Some people who are ‘bad navigators’ tend to walk along in a daydream and don’t notice their surroundings – such as hills or the sun’s position – which stabilise your sense of direction. If you build up a global sense of where you are, paying attention to the location of larger things, you end up with a more confident sense of being familiar with your surroundings. And that means you’re more flexible, so if the way back is blocked, you can find another way around. Let’s get kids back out into the wilderness and set them loose with a map and compass. Children and adults no longer feel like animals in the landscape. It’s a shame because once you feel part of the landscape and start noticing the rivers and trees, you also notice changes.

Is technology diminishing our natural abilities?

On the one hand, it’s plausible that if we’re not using our hippocampal navigation system very much, then the hippocampus might not be as well exercised. On the other, the human mind has a way of keeping itself busy, so if we’re not using the hippocampus as much as we used to for navigation, maybe we use it for more abstract navigation – through the internet or through our imaginations. If navigating through technology is going to have an effect, it will take many years to show up.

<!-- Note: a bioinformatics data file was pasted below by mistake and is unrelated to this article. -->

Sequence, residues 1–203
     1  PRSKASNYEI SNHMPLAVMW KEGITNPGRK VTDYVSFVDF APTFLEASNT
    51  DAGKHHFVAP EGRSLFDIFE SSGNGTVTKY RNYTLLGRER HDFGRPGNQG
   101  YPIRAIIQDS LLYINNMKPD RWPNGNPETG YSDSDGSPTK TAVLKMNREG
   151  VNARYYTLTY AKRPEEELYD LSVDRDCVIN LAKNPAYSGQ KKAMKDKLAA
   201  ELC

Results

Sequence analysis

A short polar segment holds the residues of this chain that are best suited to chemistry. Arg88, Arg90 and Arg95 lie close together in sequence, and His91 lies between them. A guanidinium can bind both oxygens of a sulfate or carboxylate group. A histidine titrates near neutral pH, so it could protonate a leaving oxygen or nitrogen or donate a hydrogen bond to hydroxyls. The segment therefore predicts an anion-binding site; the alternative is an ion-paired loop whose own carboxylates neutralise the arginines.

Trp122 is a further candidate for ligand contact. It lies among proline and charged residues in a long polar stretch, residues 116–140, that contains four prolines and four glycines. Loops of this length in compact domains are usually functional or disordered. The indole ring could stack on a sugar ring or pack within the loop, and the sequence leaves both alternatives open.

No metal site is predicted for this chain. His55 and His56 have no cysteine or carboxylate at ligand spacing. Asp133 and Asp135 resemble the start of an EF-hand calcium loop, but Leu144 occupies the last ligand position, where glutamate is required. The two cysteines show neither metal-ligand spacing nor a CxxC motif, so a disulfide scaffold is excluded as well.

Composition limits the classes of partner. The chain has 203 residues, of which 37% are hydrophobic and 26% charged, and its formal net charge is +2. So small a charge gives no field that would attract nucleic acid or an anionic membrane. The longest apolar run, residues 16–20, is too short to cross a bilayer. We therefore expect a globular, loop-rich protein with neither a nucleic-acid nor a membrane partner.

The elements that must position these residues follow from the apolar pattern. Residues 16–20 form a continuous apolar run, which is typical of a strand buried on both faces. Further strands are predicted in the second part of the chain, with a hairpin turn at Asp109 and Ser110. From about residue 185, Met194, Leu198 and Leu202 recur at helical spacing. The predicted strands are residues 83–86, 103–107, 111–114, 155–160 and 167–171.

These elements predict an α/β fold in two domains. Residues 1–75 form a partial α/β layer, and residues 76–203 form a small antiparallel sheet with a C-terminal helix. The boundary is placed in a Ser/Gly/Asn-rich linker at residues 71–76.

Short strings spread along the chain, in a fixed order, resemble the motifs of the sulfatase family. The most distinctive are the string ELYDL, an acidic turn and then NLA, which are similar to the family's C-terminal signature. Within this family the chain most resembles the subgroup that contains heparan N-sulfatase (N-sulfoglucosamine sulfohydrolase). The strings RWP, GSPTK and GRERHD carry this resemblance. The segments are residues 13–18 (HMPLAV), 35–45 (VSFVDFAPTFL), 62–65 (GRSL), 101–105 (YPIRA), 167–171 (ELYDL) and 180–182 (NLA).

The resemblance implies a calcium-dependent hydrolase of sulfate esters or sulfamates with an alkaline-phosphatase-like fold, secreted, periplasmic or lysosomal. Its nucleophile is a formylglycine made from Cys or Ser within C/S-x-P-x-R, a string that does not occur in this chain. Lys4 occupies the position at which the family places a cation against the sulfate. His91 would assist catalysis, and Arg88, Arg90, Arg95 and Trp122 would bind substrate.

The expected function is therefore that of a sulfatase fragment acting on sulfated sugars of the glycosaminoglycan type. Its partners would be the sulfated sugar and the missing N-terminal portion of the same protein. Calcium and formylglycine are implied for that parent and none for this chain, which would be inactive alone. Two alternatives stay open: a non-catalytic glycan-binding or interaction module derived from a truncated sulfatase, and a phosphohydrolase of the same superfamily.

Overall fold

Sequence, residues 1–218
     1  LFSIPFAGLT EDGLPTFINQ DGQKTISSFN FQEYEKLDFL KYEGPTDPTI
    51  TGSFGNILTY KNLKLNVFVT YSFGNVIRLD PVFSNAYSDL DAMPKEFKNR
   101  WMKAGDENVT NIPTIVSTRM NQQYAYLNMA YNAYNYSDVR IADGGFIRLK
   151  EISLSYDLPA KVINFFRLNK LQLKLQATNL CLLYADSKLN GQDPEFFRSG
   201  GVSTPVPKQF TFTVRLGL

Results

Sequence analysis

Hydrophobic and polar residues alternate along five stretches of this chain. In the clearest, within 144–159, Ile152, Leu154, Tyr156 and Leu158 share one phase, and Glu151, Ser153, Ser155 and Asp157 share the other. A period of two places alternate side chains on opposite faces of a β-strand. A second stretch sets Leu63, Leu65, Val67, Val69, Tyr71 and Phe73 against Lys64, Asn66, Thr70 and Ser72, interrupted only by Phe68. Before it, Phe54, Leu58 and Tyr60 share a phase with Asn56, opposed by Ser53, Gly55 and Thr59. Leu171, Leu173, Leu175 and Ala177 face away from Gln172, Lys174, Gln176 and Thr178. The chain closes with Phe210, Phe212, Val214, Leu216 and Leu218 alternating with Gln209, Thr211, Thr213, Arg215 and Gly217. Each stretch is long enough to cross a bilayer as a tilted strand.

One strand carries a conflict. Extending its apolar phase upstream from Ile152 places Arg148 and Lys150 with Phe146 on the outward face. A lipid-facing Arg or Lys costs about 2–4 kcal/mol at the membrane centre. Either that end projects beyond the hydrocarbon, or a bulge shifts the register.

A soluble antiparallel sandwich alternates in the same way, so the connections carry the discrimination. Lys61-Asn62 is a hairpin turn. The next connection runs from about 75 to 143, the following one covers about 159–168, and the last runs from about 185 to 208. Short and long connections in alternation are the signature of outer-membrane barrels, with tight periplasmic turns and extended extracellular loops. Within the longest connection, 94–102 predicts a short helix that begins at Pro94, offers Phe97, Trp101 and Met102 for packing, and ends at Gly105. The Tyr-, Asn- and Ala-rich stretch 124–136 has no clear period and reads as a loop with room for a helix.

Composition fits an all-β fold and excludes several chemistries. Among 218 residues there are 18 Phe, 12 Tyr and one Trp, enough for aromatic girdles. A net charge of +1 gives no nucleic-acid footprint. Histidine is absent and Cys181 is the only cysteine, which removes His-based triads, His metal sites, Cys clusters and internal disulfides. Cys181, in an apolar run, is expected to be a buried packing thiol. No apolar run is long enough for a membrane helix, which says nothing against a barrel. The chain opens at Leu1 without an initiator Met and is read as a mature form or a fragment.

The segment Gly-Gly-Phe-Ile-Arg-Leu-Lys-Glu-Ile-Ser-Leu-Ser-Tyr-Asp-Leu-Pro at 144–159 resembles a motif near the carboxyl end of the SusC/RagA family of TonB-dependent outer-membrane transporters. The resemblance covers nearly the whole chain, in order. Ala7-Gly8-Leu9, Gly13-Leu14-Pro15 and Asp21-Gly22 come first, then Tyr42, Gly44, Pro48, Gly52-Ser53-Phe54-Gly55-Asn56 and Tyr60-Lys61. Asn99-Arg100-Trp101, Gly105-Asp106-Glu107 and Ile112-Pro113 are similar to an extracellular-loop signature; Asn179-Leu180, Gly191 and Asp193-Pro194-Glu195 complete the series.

Why do we get lost in large buildings?

The sense of direction needs directional landmarks. In these big spaces you can be facing one way or you can be facing the other, and your brain doesn’t immediately know which way is which and can’t make a map. If you haven’t got a mental map, it’s very difficult to feel the sense of orientation. Retailers do that deliberately; they want you to take the most inefficient route through their space, passing as much merchandise as possible. Just think about how air passengers are forced along a winding path through duty free. They are trying to deliberately thwart your sense of direction.

How can we give the best directions?

There are no foolproof ways to give directions because it’s always possible to go wrong. The brain has two systems, map-based and route-based, so when you’re learning to find your way around, you use both. You start with one, and when you become familiar with the route, you switch. A global map-based system depends on knowing which way north is, knowing the broad layout, and knowing where the large-scale features are in relation to each other. For a route, all you need to know is the path you are on and then the next thing you need to do. So it’s easier, but you’re more prone to fatal mistakes. Terrible mountain accidents happen to people who followed a route but misinterpreted an instruction, or the instruction was faulty and they end up veering off the path.

What do you enjoy about walking?

When I walk, I do a lot of thinking about navigation: how is it that I know where I am or don’t know where I am? I live in St Albans, and we do a lot of walking around Hertfordshire. We can set off from our house and in 10 minutes reach open countryside, farms and forests. Britain has this network of fantastic walking routes that are mapped and well signposted to help you avoid getting lost.

Two tall trees in a snow covered fieldWhat’s your favourite

Country walk?
Ashridge estate, Hertfordshire (right).

City walk?
Holyrood palace to Arthur’s Seat, Edinburgh.

View?
Ivinghoe Beacon, Ashridge Estate.

Kit?
Map and compass.

Post-walk tipple?
A glass of nice crisp New Zealand sauvignon blanc.